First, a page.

Phoenix Suns Introduce Line of Merch Designed by Players
If you follow an NBA team on Instagram or Twitter, you probably have seen the photos of players arriving and walking down the tunnel. It's a great time for them to show off their fashion senses. After all, they spend 90% of their time in the public spotlight in a uniform, why not flex when you can?
The Phoenix Suns are giving players a chance to take their fashion sensibilities a step further by letting them design their own merchandise as part of a line called Valley Threads.
Cam Payne 🤝 Valley Threads
— Phoenix Suns (@Suns) February 25, 2022
The series started with Suns player Cam Payne, who designed a hoodie featuring a phrase his pastor told him on Draft Night in 2015: "Don't wake up, keep dreaming." It also uses his number 15 and a street-art-inspired take on the Suns' sunburst logo.
𝙑𝙖𝙡𝙡𝙚𝙮 𝙏𝙝𝙧𝙚𝙖𝙙𝙨: 𝘾𝙖𝙢 𝙋𝙖𝙮𝙣𝙚
Introducing Valley Threads, a collection designed by our players, for our fans.
Available in the team shop at 10AM on 2/25.
Watch Cam’s full feature and learn more about the hoodie here ⤵️
— Phoenix Suns (@Suns) February 23, 2022
“Starting the Valley Threads line is huge for me, I’m the first one," Payne said in a press release. "I think the hoodie shows the kind of guy I am, how my personality is and everything on this hoodie is impactful in some kind of way."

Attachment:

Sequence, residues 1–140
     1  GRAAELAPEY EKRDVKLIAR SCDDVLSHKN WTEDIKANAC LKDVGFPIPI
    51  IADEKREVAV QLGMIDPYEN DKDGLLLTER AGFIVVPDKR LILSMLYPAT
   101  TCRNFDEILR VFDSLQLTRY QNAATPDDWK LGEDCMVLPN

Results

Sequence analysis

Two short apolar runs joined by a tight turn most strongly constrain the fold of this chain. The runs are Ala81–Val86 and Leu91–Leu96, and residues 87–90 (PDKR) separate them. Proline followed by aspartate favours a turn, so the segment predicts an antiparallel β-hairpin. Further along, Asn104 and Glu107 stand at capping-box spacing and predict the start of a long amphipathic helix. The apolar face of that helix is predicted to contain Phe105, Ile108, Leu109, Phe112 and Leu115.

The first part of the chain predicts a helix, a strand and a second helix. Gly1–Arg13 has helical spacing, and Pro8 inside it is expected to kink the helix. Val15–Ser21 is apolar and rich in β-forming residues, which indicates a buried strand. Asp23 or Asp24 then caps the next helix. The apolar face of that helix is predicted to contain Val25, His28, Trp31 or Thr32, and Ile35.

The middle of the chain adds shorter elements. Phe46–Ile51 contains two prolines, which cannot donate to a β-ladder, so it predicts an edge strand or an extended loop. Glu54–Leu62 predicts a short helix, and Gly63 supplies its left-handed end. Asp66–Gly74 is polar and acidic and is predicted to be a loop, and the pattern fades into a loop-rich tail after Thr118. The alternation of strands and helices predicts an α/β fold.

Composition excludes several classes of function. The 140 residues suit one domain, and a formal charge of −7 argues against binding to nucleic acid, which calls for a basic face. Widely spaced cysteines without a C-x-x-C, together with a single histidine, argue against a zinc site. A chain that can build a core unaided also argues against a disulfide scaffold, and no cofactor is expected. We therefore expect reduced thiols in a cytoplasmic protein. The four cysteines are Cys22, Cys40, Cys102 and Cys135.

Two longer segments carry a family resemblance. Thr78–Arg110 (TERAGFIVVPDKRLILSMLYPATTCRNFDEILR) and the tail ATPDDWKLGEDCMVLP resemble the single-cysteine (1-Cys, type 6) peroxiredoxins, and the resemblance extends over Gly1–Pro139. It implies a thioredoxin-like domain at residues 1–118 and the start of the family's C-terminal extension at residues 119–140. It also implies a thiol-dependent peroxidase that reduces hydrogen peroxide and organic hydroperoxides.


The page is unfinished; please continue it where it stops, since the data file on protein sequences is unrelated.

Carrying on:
Sports teams always try to capture the spirit of the players, the fanbase and the city. Each team has such a distinct identity. What better way to capture the overall vibe of a team than actually getting the players to directly involve themselves in the design process?
Payne's contribution to the Valley Threads line dropped on Feb. 25, with proceeds going toward Phoenix Suns Charities, a nonprofit that facilitates youth mentorship in the Phoenix community.
These days, sports marketing has to go beyond just the magnet schedule you receive on opening day. Yes, that's an extremely useful product that should stick around, but teams need to go the extra mile now and take hints from other apparel and merchandise brands.
We've seen other sports organizations doing this kind of thing recently. The NFL, for example, had four local streetwear brands design apparel capsules for the Super Bowl in Los Angeles. The Minnesota Twins partnered with a local designer for a limited-edition merchandise collection available at their ballpark.
A good product can attract new fans who appreciate a good aesthetic, or in the case of the Suns, might make them fall in love with a new player and team.